Jones: It is a testament to these guys in the band. They are very conscientious and respectful of the past. They have a tremendous amount of dedication to the catalogue of songs that made Foreigner.
For me this has been a blessing. I got caught up with the demons of this business and left for awhile and really felt I was done for good. But eventually I came back and these guys in this band have really inspired me and I have people tell me I am playing better now then I ever did in the past. I have that same feeling I did back when I started this band, so it feels like the first time again. So this has been a good thing for me personally, professionally and for the legacy of Foreigner.

NE: Speaking of the legacy of Foreigner, you are on that list of bands not in the Rock and Roll Hall of Fame that many believe should be in. Your thoughts?
Jones: I think a lot of us are confused over the criteria to get in. Look, I have no problem with Madonna being in, but there are a lot of rock bands -- again, emphasis on rock -- that are not in.
My sense is that there is a small club of decision makers who want to seem cool with who they select to get in. I am not sure that those making the selection have a very good handle on the last 35 years of rock music. There seems to be a lot of bands that had a major impact on rock music not in.
I do not know if we will get in or not; it would be a nice honor and certainly Lou Graham, myself and others from the original band would go and perform.

NE: One example of your impact is that a new generation of music fans has gravitated to your music.
Jones: Exactly, it is great to see all these young people at our concerts. They have the music of their generation, but so many of them are still gravitating to classic rock bands. I attribute that to their parents. I think a lot of these kids grew up listening as babies and young kids to what their parents had on the radio. It is weird when I am on stage and look out into the audience and I start asking myself what year is it? Its like deja vu; you think it is 1980 all over again.

NE: You mentioned “demons” in the ’90s caused you to leave it all behind. What inspired you to reform Foreigner?
Jones: Well, it was not a good period for me. I was not in great shape and I decided to clean up my act. When I did get cleaned up I started thinking about the fact that I left a bad taste with Foreigner in my mouth. I realized that Foreigner was my life’s work and I didn’t want the legacy of the band to go out on a sour note, so I decided to rebuild the whole image of Foreigner. This has brought me so much happiness; it is the best decision I have ever made.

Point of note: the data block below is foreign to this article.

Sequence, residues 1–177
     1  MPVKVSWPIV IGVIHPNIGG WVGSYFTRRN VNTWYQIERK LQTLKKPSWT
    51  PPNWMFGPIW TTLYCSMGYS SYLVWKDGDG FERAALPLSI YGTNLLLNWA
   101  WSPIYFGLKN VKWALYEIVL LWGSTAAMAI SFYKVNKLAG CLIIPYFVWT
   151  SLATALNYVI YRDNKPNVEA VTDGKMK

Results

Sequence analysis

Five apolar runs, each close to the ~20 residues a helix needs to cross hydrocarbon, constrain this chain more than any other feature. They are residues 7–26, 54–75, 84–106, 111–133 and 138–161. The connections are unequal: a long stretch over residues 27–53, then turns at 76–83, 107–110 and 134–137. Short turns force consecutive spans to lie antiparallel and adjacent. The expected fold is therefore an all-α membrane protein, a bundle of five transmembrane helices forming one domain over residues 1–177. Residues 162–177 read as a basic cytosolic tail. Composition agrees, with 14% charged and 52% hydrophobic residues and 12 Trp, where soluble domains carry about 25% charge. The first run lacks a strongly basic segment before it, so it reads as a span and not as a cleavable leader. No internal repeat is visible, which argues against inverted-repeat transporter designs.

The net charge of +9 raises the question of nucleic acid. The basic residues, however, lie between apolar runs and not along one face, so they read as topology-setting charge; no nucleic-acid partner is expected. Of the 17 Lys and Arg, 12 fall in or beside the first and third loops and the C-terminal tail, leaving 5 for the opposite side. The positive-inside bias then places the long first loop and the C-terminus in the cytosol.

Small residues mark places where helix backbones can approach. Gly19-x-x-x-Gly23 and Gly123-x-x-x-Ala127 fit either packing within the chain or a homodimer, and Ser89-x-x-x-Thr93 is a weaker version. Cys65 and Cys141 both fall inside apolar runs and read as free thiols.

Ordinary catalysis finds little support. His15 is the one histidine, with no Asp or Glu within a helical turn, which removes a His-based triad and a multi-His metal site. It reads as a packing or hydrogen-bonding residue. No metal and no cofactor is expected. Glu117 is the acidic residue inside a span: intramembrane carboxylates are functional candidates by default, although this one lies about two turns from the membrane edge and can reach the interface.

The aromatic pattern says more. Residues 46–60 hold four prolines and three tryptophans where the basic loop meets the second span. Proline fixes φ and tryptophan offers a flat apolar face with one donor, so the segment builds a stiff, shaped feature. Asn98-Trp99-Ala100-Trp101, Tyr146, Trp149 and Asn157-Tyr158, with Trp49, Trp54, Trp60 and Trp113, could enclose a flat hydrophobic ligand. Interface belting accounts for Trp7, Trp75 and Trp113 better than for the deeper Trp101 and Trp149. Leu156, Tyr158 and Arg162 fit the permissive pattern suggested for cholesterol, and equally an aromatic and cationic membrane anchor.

NE: You have made music all your life and Foreigner has been big about supporting music programs at schools.
Jones: Yes we try to help out where we can. For the Interlochen show we have partnered up with radio station WKLT to select a high school choir from the area to join us on stage to sing ‘I Want To Know What Love Is.’ They had the contest and Petoskey won, so in addition to joining us on stage we will give their music program $1,000. It is part of the VH-1 Save The Music program

NE: Well, you certainly are not going to wait 14 years to release another CD. What do see for the future of Foreigner?
Jones: We are tossing around a few ideas. One thing we have found is this group sounds great acoustically. We have done some unplugged stuff for TV, so we are considering releasing a greatest hits done acoustically. This group feels comfortable with each other, they have embraced the Foreigner spirit, so I feel good about us being able to offer new music soon.

Foreigner will perform Thursday at Kresge Auditorium on the campus of the Interlochen Center for the Arts. Kelly Hansen, the former lead singer of Hurricane, has replaced Lou Graham who now has a solo career. Hansen’s powerful vocals have won over Foreigner fans since joining the group in 2004. For additional information on Foreigner go to foreigneronline.com and to purchase tickets go to www.interlochen.org or call the box office 231-276-7800